Feb 12, 2006

We arrive at the Ice Hotel in the late afternoon. "The light's fading," Stuart gasps – and disappears into the cool, blue labyrinth.

The guard stops me. I flash my carnaval press pass. "We're not the same company," he explains.

I know, I know. But photographers. And light. They're like children in a sweetshop, you know... We're staying here tonight, so would it just possibly be OK to wander about now?

The guard's a tall, bulky bloke in a thick coat and a Siberian-style hat. Intimidating. But he's just doing his job. And so are we.

He relents a few minutes later, having confiscated one of my business cards. I track down Stuart inside the frozen wasteland. "I saw a woman with a floor-length fur, all diagonal white and brown swirls. Want to photograph her?"

"You're a vegetarian," he points out. "Why promote dead animal skins?"

"She's an exemplar of her type," I explain. "It's an Ice Hotel. Parkas are passé! We want a big freaky fur coat! Pelts and ice, classic combo."

He agrees, so I hare off. The floorplan is probably no more convoluted than the average hotel, but there's something about the igloo walls, the sculpted benches and bars, that's disorienting. The monotonality, perhaps? The minimal furniture?

I pass a barkeep razoring opaque orange curls from an ice table. "Orange juice," she sighs.

"That would be a 30-second wipe-job anywhere else," I note. "How long will it take?"

"At least ten minutes."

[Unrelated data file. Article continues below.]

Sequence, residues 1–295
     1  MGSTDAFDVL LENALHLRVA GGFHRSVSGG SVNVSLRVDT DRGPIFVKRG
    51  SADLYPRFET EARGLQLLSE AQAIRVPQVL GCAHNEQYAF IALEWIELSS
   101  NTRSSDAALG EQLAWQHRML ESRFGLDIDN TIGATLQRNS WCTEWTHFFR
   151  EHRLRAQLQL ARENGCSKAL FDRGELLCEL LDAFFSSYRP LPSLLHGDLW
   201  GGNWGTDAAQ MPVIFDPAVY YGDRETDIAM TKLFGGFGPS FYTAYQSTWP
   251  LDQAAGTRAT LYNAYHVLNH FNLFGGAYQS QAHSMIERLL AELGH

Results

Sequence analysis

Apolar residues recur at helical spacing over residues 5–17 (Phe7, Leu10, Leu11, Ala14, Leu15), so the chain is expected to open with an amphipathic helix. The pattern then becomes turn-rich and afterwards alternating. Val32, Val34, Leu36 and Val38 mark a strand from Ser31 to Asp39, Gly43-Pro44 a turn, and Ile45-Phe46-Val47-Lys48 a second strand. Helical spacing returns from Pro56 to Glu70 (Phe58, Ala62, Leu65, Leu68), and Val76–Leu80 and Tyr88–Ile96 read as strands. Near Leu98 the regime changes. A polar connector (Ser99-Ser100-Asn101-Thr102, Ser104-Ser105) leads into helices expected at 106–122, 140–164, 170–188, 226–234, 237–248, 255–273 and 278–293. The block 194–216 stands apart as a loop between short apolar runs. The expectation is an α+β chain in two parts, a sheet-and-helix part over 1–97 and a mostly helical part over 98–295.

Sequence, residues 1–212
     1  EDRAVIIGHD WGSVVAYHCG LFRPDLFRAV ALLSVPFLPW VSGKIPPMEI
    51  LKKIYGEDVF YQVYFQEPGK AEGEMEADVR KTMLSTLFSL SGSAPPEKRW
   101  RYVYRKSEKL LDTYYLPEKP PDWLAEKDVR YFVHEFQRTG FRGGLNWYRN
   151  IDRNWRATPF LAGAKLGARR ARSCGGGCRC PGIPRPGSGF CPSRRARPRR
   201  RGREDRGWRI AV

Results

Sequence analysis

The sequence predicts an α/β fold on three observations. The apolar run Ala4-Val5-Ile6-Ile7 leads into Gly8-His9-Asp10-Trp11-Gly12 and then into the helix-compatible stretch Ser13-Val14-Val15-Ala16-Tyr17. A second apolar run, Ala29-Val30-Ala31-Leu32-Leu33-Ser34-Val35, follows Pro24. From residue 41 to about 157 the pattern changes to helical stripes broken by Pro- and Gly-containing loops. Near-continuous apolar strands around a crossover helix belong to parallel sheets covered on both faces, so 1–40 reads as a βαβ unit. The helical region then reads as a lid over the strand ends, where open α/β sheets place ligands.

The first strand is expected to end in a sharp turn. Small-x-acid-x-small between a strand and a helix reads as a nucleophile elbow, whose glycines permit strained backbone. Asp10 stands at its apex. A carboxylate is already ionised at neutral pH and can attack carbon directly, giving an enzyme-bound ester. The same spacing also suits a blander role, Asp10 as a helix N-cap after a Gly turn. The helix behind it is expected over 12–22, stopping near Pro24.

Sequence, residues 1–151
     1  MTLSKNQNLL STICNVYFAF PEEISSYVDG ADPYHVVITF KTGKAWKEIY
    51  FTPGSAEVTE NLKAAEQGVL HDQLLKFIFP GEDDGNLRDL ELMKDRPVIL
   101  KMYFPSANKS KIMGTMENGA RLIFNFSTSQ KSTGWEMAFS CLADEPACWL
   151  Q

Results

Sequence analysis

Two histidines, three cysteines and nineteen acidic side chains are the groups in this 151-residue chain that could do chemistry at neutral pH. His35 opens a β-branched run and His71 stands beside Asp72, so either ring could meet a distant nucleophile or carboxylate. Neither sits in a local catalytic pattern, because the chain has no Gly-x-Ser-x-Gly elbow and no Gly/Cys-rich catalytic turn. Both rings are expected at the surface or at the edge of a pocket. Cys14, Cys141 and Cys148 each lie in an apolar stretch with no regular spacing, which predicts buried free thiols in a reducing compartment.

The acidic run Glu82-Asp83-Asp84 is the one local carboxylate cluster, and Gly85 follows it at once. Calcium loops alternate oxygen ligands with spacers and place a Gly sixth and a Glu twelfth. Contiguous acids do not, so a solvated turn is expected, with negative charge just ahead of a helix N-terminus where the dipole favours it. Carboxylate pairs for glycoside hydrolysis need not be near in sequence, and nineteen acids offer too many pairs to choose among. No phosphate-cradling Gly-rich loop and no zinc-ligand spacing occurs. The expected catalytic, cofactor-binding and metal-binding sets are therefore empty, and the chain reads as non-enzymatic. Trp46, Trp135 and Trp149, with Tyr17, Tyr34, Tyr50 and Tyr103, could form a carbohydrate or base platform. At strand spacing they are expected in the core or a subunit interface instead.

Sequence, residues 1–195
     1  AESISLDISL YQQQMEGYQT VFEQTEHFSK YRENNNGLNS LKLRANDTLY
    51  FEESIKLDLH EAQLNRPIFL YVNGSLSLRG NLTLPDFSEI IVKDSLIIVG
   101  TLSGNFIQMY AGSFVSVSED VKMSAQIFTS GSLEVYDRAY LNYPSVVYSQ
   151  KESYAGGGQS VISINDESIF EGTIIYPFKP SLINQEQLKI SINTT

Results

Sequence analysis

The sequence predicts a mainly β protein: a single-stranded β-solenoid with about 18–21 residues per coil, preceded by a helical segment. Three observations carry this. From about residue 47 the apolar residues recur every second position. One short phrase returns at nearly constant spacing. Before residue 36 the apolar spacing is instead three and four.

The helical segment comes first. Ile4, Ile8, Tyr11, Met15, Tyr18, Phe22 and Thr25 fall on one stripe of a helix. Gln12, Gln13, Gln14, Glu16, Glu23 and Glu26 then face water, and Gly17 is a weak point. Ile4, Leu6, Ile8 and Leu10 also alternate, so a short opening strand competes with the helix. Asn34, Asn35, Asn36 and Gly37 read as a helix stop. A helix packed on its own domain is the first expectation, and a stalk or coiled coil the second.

Furl Swirl Lady has melted into the landscape like a Wicked Witch. I pass other day visitors: giggling Japanese girls, earnest families, ski bunnies. Disappointed, I loop back through the main chamber. A couple pose under a Gothic arch of ice.

Her legs are bare between fur-trimmed boots and a handkerchief-hemline white dress.

"Excuse me. Did you just get married?" I ask. "Could we interview you and take some pictures too?"

Rachel and Travis allow us to gatecrash their wedding. The young Sydney couple eloped to the Ice Hotel. A few days ago, they lounged on the beach in 30-degree Celsius weather. Now they are man and wife – about to sleep on a snow slab – in this minus 30-degree clime (given the wind chill).

Sixty degrees of separation!

The Marshalls, I suspect, are infinitely more fun than Fur Swirl. I glimpse her at dusk, mincing up the trail in high heels. And I'm pleased we captured their warmth and joy, instead of a cold cliché.


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